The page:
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Tension at Work

Tension at Work

Parking lots at WHOI are sometimes used for anything but cars. Engineers Andy Bowen (left) and Don Peters cordoned one off recently so they could test a newly patented tether—part […]

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Charting a Course

Charting a Course

Scientists aboard the research vessel Neil Armstrong study a map of coastal New England to plan a multichannel seismic survey of the continental shelf and slope. The survey provides […]

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Push Comes to Shove

Push Comes to Shove

WHOI guest student Jessie Pearl (left) and Northeastern co-op student Bethany Bowen worked a Russian peat borer into the mud Quamquissett Marsh in Woods Hole this summer. They were collecting peat […]

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Meeting JetYak

Meeting JetYak

WHOI volunteer Anne-Marie Runfola explained a JetYak to visitors at the Woods Hole Science Stroll this summer. JetYak is an inexpensive, reliable vehicle that operates autonomously or remotely and […]

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Ready, Set, Sample

Ready, Set, Sample

WHOI scientists Magdalena Andres (center), Glen Gawarkiewicz (right), and Robert Todd review output from a conductivity, temperature, and depth (CTD) instrument on a computer monitor aboard the R/V […]

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An Eye on Ice

An Eye on Ice

This eerie twilight photo of the research vessel Neil Armstrong was taken earlier this month in waters off of Greenland by a new camera system called IceCam. It consists […]

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Pilot Project

Pilot Project

While the crew of R/V Neil Armstrong prepared a 2-kilometer (1.2-mile) mooring line for deployment southeast of Greenland recently, they were visited by a large pod of pilot whales. […]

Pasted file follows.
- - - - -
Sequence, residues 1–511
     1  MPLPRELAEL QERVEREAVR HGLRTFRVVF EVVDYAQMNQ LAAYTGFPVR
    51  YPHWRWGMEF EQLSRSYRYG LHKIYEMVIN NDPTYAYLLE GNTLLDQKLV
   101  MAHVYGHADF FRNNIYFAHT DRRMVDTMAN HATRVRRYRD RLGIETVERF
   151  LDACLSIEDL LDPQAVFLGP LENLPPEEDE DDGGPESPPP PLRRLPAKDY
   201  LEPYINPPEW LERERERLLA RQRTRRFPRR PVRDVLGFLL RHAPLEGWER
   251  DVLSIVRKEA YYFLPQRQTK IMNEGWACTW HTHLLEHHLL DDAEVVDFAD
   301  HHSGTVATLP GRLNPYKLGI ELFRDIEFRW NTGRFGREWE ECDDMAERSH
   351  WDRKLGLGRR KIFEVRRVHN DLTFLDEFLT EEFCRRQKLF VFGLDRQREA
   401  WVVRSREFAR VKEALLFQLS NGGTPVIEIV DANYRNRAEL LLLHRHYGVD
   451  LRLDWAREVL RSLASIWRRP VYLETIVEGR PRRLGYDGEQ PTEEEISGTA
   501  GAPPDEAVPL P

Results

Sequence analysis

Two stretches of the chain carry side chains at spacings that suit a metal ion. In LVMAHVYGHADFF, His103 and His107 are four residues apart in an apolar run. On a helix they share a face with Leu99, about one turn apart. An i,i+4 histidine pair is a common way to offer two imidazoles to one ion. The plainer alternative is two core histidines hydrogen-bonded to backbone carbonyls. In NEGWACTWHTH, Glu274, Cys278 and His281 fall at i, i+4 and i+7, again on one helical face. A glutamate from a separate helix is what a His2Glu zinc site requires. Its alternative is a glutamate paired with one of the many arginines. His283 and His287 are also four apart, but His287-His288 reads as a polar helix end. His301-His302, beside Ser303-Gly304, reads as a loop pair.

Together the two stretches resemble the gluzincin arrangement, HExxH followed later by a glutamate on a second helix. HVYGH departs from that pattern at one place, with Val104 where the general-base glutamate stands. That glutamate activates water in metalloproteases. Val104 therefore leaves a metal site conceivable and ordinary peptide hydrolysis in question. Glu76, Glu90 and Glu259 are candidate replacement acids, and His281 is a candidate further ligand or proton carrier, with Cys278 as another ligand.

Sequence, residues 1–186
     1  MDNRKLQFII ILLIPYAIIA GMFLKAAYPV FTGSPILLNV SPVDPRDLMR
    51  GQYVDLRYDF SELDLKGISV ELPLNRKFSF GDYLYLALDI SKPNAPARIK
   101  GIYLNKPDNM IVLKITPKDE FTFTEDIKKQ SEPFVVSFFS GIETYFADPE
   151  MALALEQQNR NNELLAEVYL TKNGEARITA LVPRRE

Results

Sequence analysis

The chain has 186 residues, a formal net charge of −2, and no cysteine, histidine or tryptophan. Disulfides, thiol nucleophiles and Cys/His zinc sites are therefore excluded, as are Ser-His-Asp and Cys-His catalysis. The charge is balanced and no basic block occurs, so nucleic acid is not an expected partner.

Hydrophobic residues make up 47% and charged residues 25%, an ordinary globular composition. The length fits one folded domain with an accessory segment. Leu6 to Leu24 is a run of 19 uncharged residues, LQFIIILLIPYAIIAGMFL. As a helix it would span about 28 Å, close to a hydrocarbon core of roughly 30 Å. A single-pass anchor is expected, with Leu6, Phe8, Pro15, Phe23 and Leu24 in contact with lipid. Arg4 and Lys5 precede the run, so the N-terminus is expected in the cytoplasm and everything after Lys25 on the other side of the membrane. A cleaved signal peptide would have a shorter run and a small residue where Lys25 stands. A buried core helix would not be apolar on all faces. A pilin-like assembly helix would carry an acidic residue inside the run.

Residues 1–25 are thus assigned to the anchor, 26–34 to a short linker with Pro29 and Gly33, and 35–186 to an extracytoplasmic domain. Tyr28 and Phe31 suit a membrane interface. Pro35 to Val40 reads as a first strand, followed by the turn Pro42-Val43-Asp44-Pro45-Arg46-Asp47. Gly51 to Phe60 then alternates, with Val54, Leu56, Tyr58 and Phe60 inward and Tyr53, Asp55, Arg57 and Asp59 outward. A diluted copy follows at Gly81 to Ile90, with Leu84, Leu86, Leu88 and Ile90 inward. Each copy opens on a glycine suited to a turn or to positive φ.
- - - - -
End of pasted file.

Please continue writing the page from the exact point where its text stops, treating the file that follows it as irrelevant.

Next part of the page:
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First Glimpse

First Glimpse

This series of photos taken by the WHOI deep-tow camera ANGUS in 1977 provided the first view of the unexpectedly diverse, abundant communities of life on a seafloor once thought […]

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Redfield Ratio

Redfield Ratio

Alfred Redfield, shown in his lab in 1955, joined the WHOI staff as senior biologist in 1931. He went on to serve as Associate Director from 1942 to 1956. […]

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Competing for Attention

Competing for Attention

The “petals” of these delicate golden “flowers” are actually individual animals. They are clones of colonial invertebrates called star tunicates (Botryllus schlosseri). Tunicates, also known as ascidians or sea […]

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Foul-bio

Foul-bio

Jim Ryder, a senior engineering assistant at WHOI, inspects components of a mooring and buoy that have been biofouled—that is, coated with algae, barnacles, or other gripping organisms. Biofouling […]

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An Admiral’s Visit

An Admiral's Visit

Rear Admiral (ret.) Mike Manazir (far right) and staff visited WHOI last month to tour labs and talk with WHOI scientists about their undersea research and technology development. The tour […]

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